I know which one the SNP is supporting: Mr Salmond and Nicola Sturgeon have already said they will put Mr Miliband in power, and try and extract concessions from him to suit their own Nationalist vision.

So it’s Conservatives on one side, and the SNP and Labour on the other.

In my view, if you have a mortgage, if you have credit cards, or if you’re hoping to benefit from a secure economic recovery, a weak and chaotic SNP-Labour pact is not one to back.

It would lead to insecurity, not just for your job and the economy, but also for the future of the country at large.

The SNP is still pushing for independence, and any deal they do in this election will be done with the express purpose of pushing that agenda along.

I know many people still support that independence option and while I disagree with it, I respect it.

But I back Scotland in the UK. And if you want security – for the economy and for Britain –  the only option is the Scottish Conservatives.

I know times haven’t always been easy under this Coalition Government. But we’ve weathered the storm and – unlike some other countries who are still struggling – we’re coming through the other side.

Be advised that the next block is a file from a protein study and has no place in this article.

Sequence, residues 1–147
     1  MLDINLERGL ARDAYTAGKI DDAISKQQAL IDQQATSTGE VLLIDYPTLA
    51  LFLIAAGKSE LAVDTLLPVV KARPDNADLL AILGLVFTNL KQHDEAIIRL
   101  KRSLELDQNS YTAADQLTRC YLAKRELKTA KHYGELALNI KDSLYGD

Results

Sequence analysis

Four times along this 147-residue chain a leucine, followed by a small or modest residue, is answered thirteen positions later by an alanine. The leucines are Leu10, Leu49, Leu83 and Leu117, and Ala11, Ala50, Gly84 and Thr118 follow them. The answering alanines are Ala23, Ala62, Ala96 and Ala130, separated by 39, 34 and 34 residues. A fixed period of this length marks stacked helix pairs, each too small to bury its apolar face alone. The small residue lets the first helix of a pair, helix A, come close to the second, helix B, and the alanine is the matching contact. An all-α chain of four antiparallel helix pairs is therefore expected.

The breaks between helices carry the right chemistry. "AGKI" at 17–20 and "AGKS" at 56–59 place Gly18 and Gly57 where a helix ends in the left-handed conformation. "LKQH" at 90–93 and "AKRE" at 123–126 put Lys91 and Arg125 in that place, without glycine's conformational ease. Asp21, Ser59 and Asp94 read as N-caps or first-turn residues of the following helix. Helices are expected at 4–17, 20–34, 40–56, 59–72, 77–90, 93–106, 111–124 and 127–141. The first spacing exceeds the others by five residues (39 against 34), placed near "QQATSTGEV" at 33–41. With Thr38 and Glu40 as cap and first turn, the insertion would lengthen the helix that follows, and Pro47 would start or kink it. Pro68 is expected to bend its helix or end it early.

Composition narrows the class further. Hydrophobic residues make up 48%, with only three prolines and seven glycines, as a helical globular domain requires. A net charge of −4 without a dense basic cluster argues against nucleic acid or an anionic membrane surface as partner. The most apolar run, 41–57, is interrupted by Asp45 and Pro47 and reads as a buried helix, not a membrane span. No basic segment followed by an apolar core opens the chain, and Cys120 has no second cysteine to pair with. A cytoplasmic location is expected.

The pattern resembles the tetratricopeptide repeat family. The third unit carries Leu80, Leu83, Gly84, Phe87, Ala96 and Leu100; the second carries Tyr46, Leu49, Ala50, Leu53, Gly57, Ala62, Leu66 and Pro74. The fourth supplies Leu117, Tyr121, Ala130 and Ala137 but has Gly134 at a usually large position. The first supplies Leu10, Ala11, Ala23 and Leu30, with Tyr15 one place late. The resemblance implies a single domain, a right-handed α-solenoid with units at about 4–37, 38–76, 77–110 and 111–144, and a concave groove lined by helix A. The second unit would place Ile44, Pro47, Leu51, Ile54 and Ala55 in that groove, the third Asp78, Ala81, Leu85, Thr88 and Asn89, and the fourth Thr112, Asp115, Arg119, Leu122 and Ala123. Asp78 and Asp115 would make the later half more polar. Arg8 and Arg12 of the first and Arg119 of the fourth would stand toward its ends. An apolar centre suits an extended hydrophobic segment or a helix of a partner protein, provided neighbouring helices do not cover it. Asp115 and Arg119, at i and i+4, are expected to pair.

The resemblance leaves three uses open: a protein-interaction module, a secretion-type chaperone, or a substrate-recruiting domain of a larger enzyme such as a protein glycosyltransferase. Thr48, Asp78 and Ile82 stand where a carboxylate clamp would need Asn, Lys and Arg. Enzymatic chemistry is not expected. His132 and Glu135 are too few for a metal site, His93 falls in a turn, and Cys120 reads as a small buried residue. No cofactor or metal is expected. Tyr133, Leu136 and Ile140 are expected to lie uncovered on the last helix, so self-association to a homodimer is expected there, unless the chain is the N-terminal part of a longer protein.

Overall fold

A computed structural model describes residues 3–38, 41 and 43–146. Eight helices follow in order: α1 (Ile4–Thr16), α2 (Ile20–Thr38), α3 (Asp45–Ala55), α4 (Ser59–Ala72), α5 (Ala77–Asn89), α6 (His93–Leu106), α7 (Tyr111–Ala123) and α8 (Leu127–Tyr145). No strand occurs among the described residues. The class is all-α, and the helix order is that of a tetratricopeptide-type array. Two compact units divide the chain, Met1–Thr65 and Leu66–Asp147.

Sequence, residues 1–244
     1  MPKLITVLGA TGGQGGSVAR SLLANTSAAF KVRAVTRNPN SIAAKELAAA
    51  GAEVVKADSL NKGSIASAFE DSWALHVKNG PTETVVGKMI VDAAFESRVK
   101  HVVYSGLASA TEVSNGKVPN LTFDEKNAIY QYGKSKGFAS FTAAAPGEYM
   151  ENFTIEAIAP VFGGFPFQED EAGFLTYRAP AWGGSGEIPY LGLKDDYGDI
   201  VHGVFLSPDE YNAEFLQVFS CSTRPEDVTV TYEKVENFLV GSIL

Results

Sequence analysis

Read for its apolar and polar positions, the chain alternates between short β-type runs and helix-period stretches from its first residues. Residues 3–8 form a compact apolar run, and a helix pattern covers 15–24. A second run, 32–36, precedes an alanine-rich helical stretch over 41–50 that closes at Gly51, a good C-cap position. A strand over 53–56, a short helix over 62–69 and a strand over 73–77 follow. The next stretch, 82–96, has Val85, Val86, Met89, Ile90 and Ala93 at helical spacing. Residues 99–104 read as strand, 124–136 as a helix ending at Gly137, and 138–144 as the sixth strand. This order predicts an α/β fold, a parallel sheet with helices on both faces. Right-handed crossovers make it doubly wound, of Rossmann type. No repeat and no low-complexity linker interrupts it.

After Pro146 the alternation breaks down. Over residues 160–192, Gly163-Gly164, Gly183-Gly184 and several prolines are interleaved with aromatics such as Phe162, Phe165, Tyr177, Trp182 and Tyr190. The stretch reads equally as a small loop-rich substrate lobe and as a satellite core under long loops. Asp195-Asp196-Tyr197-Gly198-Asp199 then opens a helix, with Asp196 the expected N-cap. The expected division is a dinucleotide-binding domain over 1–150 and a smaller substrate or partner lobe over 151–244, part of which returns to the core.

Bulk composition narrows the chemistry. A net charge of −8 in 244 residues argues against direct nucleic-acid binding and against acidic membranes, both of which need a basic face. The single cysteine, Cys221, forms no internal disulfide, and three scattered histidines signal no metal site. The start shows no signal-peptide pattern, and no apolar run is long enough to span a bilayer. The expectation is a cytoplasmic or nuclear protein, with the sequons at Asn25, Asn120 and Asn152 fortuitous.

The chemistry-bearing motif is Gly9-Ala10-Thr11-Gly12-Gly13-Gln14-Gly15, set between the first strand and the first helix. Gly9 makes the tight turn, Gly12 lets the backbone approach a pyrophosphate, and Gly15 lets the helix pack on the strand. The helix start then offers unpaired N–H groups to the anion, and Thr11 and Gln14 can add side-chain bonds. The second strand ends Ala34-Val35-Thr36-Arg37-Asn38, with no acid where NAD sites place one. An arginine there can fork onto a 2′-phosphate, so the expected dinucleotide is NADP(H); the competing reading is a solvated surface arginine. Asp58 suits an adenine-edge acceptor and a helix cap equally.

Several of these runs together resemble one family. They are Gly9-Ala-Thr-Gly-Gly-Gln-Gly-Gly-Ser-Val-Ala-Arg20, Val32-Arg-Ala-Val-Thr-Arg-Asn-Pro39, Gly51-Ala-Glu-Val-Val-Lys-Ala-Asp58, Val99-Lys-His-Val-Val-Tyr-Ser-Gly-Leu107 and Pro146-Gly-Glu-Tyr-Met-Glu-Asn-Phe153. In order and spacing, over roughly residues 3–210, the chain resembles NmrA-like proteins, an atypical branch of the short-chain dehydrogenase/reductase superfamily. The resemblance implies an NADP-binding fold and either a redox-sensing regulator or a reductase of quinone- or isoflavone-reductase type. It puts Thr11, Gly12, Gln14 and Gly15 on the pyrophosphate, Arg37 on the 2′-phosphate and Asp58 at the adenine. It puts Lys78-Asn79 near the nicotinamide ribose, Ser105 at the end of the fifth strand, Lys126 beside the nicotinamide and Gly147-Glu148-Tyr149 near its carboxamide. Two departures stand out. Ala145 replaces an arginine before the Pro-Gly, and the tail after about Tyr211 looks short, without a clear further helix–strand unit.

For all those people who are so engaged with politics, or fed up with the Westminster establishment, I realise this ‘steady-as-she-goes’ plan isn’t perhaps the flashiest of offers out there.

But it is the choice we face. Undoing all of the hard work over the past five years or going that final few yards to get us out of the red and into the black for good.

This election isn’t about having a free kick at the old guard. It’s about deciding who runs one of the greatest nations on earth.

At the end of the day, that’s what we’re being asked to decide this May.

 

 

NOT a single vote has been cast for the General Election yet, but I see Alex Salmond is already sampling a taste of the Westminster high-life.

The ex-First Minister – who is quitting the Scottish Parliament so he can go back to London –  was interviewed by the New Statesman magazine last week at a posh London hotel.

The journalist who met him for lunch began his piece: “As we settle down at a table, Salmond orders a bottle of pink champagne.”

Now I like a funny-coloured drink as much as the next girl – but not for lunch, not on someone else’s bill and certainly not in the Holyrood canteen where I eat.  Such extravagance probably explains why Mr Salmond is so keen to get back to London’s fine dining eateries.